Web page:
Pediatric Weight Management

Child Nutrition and Environment

Citation:

Cutts BB, Darby KJ, Boone CG, Brewis A. City structure, obesity and environmental justice: An integrated analysis of physical and social barriers to walkable streets and park access. Social Science & Medicine, 2009; 69: 1,314-1,322.

 
Study Design:
Cross-Sectional Study
Class:
D - Click here for explanation of classification scheme.
Quality Rating:
Positive POSITIVE: See Quality Criteria Checklist below.
Research Purpose:

To evaluate the relationship between proximity to parks and walkable street networks and the distribution of obesity among vulnerable populations in Phoenix, Arizona, using geographic information systems (GIS) within an environmental justice framework. 

Inclusion Criteria:

Residence in Phoenix, Arizona.

Exclusion Criteria:

Residence outside of Phoenix, Arizona.

Description of Study Protocol:

Recruitment

No recruitment of subjects in this case study.

Design

Use of census block data, geographic information systems (GIS) and crime frequency data from 2000 to assess physical and social barriers to parks and walkable streets. 

Statistical Analysis
  • Logistic regression analyses were used to determine variables most significantly related to walkability and park access. Analyses were controlled for percentage African-American, percentage under age 18 and the Latino- or immigrant-status variables.
  • Factor analysis was used to construct a Latino- or Immigrant-status variable
  • Logistic regression analyses, T-tests and multiple-regression analyses were used to assess the qualities of the built environment. Analyses were controlled for percentage African-American, percentage under age 18 and the Latino- or immigrant-status variables.
Data Collection Summary:

Timing of Measurements

Not specified.

Dependent Variables

  • Variable One: Proximity to parks; census block data
  • Variable Two: Walkability of neighborhoods; GIS-based techniques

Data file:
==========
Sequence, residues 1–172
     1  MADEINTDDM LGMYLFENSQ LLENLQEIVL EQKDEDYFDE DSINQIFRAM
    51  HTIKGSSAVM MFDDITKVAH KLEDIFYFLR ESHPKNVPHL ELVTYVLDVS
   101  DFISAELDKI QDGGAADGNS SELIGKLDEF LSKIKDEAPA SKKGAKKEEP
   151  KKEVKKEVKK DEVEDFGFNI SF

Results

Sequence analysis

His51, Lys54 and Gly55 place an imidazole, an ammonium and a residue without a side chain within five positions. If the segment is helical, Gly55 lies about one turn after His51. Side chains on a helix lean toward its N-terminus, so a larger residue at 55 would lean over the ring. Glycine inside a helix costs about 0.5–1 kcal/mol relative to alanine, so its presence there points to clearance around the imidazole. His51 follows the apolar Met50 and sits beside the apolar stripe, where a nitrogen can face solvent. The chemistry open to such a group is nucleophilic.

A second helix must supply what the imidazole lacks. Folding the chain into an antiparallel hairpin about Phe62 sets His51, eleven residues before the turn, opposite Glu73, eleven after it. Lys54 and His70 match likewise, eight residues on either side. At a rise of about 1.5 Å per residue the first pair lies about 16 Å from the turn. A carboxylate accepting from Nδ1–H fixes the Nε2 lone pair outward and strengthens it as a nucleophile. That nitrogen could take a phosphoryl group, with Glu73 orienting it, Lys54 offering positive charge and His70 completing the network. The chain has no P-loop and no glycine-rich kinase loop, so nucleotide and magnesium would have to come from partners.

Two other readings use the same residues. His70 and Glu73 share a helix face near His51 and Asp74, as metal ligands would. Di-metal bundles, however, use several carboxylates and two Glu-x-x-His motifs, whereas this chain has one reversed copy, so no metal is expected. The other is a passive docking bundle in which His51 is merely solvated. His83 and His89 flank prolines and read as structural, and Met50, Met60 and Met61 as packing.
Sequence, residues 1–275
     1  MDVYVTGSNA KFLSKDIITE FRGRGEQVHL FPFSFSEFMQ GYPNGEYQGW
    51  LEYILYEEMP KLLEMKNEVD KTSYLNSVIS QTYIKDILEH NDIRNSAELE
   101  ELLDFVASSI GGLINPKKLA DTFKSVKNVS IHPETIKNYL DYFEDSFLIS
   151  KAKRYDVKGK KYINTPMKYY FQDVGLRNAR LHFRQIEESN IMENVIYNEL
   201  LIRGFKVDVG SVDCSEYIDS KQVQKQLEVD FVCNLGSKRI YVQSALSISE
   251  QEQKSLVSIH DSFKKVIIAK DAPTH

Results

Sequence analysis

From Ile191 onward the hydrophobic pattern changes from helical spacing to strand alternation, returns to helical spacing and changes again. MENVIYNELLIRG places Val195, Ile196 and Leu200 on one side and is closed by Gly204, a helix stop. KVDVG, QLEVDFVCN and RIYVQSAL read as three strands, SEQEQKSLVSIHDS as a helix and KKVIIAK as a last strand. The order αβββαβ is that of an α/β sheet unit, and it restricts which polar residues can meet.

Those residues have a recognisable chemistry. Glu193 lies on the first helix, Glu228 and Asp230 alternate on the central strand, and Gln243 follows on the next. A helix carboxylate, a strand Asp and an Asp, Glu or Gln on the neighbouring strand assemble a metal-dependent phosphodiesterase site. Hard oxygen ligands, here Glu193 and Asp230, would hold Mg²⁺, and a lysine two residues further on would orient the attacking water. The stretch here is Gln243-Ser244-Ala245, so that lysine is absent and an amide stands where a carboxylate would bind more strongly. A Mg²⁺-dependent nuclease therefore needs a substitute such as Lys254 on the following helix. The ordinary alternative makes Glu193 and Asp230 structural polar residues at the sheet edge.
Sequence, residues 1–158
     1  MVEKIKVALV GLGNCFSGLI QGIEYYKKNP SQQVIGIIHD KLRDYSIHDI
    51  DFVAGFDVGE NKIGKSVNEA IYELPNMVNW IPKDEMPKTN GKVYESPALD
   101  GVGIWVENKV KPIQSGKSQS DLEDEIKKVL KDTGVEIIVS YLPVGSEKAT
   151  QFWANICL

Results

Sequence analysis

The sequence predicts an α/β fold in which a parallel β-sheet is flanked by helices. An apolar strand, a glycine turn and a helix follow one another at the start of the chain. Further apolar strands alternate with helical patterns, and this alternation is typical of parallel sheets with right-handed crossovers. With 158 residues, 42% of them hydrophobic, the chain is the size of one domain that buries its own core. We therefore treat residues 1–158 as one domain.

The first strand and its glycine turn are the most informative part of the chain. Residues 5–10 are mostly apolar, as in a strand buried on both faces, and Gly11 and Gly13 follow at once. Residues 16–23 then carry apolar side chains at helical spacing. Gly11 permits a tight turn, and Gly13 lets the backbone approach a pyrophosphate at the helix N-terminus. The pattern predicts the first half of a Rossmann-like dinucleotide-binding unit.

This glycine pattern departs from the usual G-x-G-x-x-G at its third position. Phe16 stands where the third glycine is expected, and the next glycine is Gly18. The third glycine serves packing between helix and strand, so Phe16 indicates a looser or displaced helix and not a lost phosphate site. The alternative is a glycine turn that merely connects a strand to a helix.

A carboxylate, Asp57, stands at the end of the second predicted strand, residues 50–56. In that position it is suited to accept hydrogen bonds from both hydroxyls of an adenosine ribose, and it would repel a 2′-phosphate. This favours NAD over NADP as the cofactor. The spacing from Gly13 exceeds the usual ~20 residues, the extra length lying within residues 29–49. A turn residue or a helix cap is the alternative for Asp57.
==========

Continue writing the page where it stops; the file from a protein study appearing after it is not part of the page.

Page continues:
• Variable Three: Qualities of the built environment; proxies for perceptions of safety.

Independent Variables

Low-income and minority populations.

Description of Actual Data Sample:
  • Initial N: 1,046 census tracks
  • Age: Not specified
  • Ethnicity
    • Latino: 97%
    • African-American: 78%
    • Census tracks have more than a single race or ethnicity.
  • Anthropometrics: None 
  • Location: Phoenix, Arizona.
Summary of Results:

Key Findings

  • The most walkable census block groups had higher Latino scores (P<0.001), larger percentages of African-American residents (P=0.01) and a smaller number of residents under age 18 (P<0.001)
  • Latino factor (P=0.02) and percentage African-American (P=0.03) were positively associated with park access
  • Latino factor (P<0.001) and percentage African-American (P=0.06) were associated with built environments amenable to physical activity.
Author Conclusion:

Populations most vulnerable to obesity (i.e., Latino and African-American) are more likely to live in walkable neighborhoods and have enhanced access to neighborhood parks, compared to other population groups in Phoenix, Arizona.

Funding Source:
Industry:
National Science Foundation
University/Hospital: Early History President's Initiative at Arizona State University
Reviewer Comments:
  • No study limitations were discussed